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Thai govt to raise spending to spur growth


June 28, 2008

Thai govt to raise spending to spur growth
Thai government is planning to increase fiscal spending in the 2008/2009 budget by 10.5 percent to support economic growth, Reuters reported Friday. Introducing the budget bill, Prime Minister Samak Sundaravej said state spending of 1.84 trillion baht ($54.8 billion) would help the economy expand around 5.0 percent in calendar 2008 and 5.5 percent in 2009.

"The economy is expected to sustain growth in the rest of this year despite the impact of high oil prices and rising inflation," he said in a budget speech to parliament.

Analysts expected the economy to grow 4.5-5.0 percent this year and 4.5-5.5 percent in 2009. The 2008/2009 bill, for the fiscal year starting on Oct. 1, projects a budget deficit of 249.5 billion baht, or 2.4 percent of nominal 2009 gross domestic product. That's bigger than a 165 billion baht deficit projected for the current fiscal year, or 1.75 percent of 2008 GDP.

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Opposition leader Abhisit Vejjajiva questioned the growth projections, saying they were based on what he called an unrealistic assumption that inflation would average 5.5 to 6.0 percent in 2008 and 3.5 percent in 2009.

Persistent oil price spikes this year have prompted analysts to raise inflation expectations for this year to 6.0-7.0 percent from 4.0 percent predicted in March. They predict inflation to ease to within a 2.7-5.0 percent range in 2009.

Annual inflation averaged 5.8 percent during January-May and in May itself it hit a near 10-year high of 7.6 percent.

The consumer price index for June, to be published on Tuesday, is expected to show that inflation climbed to 8.5 percent, underlining the rising price pressures globally from oil, other raw materials and food.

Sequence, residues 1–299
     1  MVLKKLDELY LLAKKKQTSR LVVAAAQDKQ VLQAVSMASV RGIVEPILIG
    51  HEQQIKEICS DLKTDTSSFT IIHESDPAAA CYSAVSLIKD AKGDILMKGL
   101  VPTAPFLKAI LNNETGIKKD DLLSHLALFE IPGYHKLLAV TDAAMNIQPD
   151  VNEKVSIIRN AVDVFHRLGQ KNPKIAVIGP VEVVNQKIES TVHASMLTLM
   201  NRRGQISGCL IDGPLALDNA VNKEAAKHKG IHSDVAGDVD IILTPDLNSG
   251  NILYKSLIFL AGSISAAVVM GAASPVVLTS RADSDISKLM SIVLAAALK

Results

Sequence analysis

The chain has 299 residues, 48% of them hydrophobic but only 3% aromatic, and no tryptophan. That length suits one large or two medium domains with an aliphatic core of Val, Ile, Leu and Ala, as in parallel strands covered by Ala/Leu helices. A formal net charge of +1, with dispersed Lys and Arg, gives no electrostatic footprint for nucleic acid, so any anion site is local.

Finance Minister Surapong Suebwonglee suggested that oil prices might fall to around $70 per barrel next year from record levels current of more than $130-140 now, but opposition MP Korn Chatikavanij dismissed the remarks as far-fetched.

Surapong conceded during the debate that oil prices would be a volatile factor in 2009 but said government stimulus spending should spur domestic consumption.

Economic projections in the budget bill were consistent with forecasts made earlier by finance ministry officials, and stock and financial markets did not react to them on Friday.

About 6.8 percent of the proposed 2008/2009 budget is earmarked for housing subsidies for the poor, debt moratoriums for 340,000 farmers, and other measures to boost flagging consumer confidence.

Samak said public investment in infrastructure projects in 2009 would not be less than in the current year. The bill provided for an 18.2 percent rise in the defence ministry budget, although smaller than a 24.3 percent increase a year earlier when Thailand was being run by an army-appointed cabinet after the 2006 coup against Thaksin Shinawatra.

The new budget is due to get final parliamentary approval in early September and take effect on October 1.

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